Does cooking count? I have several taste testers around the house, just ask the kids and every once in awhile, I’ll experiment with something new. Sometimes it turns out and sometimes it doesn’t but it’s never fun or interesting if you don’t try. If I don’t write or have some kind of creative outlet, I’ve figured out that I can’t sleep so well because I can’t get the rampaging thoughts that are swirling chaotically around in my head to settle down for long enough to fall asleep. It’s horrifying when I’m getting to a really good part in a book I’m writing because I’ll toss and turn until the wee hours of the morning if I don’t either get up and write or concentrate on clearing my mind.
What inspired you to write Birthright?
Sheer unadulterated penniless boredom. I had had the idea for Birthright revolving around in my head for years and just hadn’t acted on it so when I was out of money and totally at loose ends one winter I just sat down and started to write. Birthright came out and I discovered a passion for writing. Writing is now something of an addiction for me. I gotta get my fix!
What methods do you use to enhance your creativity (i.e., certain music, total solitude, etc.)
When I was writing Birthright, it was nothing less than Mozart all the way and it did the trick. Now that I’m writing Sins of the Father, I like total quiet because it helps me focus and center myself. Sometimes I wish someone would tell that to the kids and the dog. I can’t complain too much though because the dog hangs adoringly on my every word and it strokes my inner ego-centric.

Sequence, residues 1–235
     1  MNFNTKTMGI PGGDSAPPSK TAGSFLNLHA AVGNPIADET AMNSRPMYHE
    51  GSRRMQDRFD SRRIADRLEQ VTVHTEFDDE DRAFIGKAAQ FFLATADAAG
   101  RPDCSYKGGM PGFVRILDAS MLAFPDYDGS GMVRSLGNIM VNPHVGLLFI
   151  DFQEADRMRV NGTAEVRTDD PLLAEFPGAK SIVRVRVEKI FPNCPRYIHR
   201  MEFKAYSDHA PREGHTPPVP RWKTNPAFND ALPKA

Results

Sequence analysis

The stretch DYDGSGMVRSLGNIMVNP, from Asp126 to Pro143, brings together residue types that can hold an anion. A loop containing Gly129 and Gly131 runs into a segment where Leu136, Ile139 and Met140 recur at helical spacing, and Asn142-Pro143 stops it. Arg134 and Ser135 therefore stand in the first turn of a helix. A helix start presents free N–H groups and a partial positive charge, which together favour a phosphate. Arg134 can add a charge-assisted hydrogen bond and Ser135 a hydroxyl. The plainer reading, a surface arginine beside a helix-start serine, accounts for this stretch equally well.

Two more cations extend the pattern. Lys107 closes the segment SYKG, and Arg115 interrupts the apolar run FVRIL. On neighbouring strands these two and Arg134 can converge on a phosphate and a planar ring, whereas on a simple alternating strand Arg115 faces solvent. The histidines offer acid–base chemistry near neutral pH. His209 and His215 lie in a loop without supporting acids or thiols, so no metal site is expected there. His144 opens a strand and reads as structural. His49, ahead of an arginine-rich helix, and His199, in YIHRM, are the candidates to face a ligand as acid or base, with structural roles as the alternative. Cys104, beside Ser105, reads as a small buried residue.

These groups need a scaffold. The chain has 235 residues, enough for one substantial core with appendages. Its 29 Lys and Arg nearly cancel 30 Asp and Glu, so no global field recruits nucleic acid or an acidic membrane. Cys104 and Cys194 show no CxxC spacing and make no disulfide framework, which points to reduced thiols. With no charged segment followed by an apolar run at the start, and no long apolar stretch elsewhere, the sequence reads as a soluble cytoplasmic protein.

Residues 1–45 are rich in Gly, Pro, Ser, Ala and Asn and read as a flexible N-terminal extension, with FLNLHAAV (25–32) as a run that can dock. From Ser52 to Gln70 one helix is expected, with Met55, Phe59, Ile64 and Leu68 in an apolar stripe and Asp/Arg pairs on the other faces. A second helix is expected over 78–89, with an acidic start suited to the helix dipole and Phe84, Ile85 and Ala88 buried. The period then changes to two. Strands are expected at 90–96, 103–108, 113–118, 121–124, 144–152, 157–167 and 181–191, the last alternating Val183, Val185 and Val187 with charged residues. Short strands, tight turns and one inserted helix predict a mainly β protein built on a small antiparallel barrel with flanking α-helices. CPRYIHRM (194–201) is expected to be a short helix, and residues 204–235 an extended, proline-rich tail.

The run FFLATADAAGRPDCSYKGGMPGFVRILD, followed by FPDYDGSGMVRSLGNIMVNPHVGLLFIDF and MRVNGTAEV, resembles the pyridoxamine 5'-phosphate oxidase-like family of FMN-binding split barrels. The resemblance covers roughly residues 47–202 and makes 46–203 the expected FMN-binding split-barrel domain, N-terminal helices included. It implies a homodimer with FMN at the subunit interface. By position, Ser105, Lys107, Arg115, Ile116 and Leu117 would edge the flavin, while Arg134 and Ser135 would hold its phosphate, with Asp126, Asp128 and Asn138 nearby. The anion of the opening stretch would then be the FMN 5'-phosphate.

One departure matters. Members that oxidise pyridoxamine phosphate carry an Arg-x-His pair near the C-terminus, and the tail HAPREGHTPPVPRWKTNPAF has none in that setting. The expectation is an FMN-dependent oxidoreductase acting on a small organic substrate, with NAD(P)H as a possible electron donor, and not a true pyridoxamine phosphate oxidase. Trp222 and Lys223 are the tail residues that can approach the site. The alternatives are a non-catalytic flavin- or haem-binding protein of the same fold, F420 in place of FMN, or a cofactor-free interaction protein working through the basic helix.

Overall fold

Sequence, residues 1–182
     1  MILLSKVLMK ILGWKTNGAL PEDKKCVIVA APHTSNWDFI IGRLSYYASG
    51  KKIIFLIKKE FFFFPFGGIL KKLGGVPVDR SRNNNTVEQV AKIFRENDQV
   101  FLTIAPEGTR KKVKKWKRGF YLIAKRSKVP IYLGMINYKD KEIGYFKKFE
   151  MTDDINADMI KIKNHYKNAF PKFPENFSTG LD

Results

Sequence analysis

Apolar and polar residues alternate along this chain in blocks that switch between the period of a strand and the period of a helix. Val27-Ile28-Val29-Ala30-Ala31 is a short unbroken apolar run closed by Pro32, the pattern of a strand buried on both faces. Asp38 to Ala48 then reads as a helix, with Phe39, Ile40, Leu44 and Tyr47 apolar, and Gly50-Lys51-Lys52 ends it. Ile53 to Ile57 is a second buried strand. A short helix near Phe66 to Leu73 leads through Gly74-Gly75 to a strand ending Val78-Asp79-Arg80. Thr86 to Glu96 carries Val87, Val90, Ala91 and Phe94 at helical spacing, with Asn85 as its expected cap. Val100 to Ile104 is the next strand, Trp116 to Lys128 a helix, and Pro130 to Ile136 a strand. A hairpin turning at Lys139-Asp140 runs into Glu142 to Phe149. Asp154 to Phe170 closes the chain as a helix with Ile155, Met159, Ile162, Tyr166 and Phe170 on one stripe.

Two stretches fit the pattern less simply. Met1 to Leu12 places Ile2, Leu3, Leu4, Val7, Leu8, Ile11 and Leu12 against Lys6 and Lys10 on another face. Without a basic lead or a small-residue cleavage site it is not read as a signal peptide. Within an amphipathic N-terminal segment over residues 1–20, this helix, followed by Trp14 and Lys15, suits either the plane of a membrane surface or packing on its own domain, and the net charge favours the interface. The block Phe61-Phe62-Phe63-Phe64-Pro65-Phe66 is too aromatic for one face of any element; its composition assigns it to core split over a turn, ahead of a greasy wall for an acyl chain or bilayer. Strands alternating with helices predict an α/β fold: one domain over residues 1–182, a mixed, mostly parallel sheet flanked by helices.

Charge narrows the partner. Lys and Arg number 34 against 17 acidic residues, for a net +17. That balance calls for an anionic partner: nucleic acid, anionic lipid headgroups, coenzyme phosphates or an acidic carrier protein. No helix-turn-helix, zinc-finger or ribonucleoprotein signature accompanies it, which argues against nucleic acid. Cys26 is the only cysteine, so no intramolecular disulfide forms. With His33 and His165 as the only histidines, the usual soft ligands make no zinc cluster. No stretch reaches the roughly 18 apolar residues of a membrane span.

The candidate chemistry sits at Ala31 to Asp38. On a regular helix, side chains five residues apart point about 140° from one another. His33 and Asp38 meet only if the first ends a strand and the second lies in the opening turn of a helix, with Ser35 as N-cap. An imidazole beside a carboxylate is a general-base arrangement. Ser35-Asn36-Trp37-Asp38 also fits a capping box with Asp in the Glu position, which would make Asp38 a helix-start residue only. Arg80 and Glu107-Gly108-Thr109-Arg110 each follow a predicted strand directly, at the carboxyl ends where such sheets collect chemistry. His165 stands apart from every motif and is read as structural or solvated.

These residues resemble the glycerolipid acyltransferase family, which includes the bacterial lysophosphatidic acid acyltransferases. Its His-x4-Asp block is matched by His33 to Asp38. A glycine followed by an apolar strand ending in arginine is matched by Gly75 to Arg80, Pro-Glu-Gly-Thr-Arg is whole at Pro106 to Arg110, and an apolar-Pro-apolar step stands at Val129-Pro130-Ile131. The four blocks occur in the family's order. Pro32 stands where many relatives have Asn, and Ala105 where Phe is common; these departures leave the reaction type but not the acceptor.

How do you get yourself back in motion when you get stuck?
Sometimes when I’m writing something that’s just everyday stuff I have to slog through it and get on with it. I was plagued up until a few months ago with the most horrible case of writer’s block ever though and it took me months to get past it. I tried everything from the advice of others to reading back over my own work to see if there was something there that might spark my creativity and nothing until I sat back and almost gave up to start writing another project. At that point it was like BLAM! Something went off in my head and I’ve been writing every spare moment since pretty much. I guess I just needed to quit beating my head against the figurative brick wall and relax.